What do you think of when you hear this phrase? Most likely you hear the lyrics to My Country ‘Tis of Thee, or perhaps it conjures images of the American flag, the Declaration of Independence, or other symbols of patriotism. That’s what this month is all about, after all, celebrating our freedom. Freedom from tyranny, oppression, and most importantly, from harm.
In Sanskrit, freedom from harm is ahimsa, or nonviolence. It is a crucial tenet of many eastern religions, as well as in the practice of yoga, with the understanding that all living beings are divine and to do harm to others is to do harm to oneself. From a physical standpoint, we can practice this aspect of yoga by listening to our bodies during challenging asana, moving with deep awareness and conscious breath. As teachers, we are careful to always touch students with confidence and intention to safely guide rather than correct or change.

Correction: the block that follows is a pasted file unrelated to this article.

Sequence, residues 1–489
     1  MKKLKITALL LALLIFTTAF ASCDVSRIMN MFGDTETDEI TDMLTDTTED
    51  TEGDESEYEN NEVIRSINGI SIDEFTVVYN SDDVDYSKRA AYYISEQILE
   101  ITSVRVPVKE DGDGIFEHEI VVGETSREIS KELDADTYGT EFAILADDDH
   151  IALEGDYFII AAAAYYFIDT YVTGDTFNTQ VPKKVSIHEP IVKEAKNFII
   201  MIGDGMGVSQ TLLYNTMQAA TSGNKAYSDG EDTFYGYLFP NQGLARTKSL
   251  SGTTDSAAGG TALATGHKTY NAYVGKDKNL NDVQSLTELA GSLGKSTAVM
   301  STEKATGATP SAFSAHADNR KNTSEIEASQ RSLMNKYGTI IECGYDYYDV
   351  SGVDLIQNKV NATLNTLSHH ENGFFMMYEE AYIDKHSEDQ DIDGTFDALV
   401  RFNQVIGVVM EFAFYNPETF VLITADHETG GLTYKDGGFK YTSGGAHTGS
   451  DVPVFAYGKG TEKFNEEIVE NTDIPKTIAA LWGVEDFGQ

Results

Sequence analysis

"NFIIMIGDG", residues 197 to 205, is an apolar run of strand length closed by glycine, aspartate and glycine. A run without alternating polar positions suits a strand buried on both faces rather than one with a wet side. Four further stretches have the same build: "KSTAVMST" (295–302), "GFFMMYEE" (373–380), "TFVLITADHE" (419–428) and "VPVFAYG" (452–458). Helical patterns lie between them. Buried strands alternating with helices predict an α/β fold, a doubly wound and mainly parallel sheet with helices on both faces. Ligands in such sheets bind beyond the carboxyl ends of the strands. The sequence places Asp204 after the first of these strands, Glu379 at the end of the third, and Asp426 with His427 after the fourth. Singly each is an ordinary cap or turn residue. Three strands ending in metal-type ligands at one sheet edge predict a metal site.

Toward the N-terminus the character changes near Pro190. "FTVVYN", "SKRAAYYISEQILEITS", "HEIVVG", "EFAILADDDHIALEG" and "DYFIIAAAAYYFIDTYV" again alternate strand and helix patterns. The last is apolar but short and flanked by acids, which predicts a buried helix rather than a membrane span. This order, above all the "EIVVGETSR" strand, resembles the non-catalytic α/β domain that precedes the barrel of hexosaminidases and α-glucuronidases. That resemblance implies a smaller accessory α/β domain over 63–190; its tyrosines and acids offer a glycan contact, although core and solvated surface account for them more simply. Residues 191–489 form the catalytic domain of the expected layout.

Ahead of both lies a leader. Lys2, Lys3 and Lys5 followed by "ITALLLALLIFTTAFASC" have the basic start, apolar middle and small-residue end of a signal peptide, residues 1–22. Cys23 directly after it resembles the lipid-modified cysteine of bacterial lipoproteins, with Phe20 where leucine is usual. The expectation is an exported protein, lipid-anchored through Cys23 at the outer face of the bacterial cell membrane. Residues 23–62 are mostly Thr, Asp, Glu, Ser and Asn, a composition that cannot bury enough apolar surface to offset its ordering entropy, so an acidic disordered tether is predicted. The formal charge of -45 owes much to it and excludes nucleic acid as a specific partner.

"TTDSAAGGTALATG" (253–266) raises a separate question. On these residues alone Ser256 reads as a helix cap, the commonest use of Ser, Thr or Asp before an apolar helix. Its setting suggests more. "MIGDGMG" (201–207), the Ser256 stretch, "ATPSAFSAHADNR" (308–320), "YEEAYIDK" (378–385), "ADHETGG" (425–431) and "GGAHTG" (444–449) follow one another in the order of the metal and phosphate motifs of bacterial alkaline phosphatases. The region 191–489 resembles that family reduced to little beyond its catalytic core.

And therein lies the heart of nonviolence: correcting or changing something you perceive to be wrong, when really it might just be a different point of view. All living beings should also be granted freedom from harm through words and thoughts, not just actions. Are you not encroaching on someone else’s freedom if you impugn their beliefs? If you malign their life choices? Isn’t that why our ancestors fought so hard for the independence of this country, so that we could be free to live as we choose?
The same goes for your own words, thoughts, and actions. If you are always thinking about how your neighbor on the mat looks in a pose and thinking, “I will never be able to do that,” you are harming yourself. What if you never tried a new teacher, class, or pose? There is so much freedom just in those simple choices that opens you up to still more freedom through the movements of your body, the deep intelligence of your breath, and the ease of your mind.
For that is where it all begins: thinking good thoughts. In your most private of thoughts, in your inner world, be kind. Be open. Let Freedom Ring.